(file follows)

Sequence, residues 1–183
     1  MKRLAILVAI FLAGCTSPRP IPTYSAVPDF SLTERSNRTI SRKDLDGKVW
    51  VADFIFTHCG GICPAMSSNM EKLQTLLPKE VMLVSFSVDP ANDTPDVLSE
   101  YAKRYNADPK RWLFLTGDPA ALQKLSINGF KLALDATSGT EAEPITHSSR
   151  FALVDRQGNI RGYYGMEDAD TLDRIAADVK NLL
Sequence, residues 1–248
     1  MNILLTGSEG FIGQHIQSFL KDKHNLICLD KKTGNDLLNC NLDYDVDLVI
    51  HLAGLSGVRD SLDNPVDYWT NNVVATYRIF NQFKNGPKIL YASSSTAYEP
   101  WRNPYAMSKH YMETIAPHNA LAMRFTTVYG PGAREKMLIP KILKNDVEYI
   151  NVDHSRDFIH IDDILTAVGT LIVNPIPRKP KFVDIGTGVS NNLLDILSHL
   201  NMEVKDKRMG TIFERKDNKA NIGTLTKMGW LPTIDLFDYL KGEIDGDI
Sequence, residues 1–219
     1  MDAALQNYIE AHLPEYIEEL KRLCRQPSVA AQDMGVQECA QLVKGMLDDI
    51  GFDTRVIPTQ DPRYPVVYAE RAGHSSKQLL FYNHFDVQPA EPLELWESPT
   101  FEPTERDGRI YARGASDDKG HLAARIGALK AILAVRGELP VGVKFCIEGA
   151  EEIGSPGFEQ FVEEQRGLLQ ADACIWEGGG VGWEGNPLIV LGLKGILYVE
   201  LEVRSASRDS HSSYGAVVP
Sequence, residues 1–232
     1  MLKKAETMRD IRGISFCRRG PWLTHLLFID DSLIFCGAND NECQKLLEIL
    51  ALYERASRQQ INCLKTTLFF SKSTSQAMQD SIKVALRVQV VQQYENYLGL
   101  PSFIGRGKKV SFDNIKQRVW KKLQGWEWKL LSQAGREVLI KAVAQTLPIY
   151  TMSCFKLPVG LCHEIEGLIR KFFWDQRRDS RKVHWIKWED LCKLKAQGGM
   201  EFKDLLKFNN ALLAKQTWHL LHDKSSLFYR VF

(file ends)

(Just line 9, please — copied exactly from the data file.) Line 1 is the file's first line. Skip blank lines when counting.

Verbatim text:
   101  WRNPYAMSKH YMETIAPHNA LAMRFTTVYG PGAREKMLIP KILKNDVEYI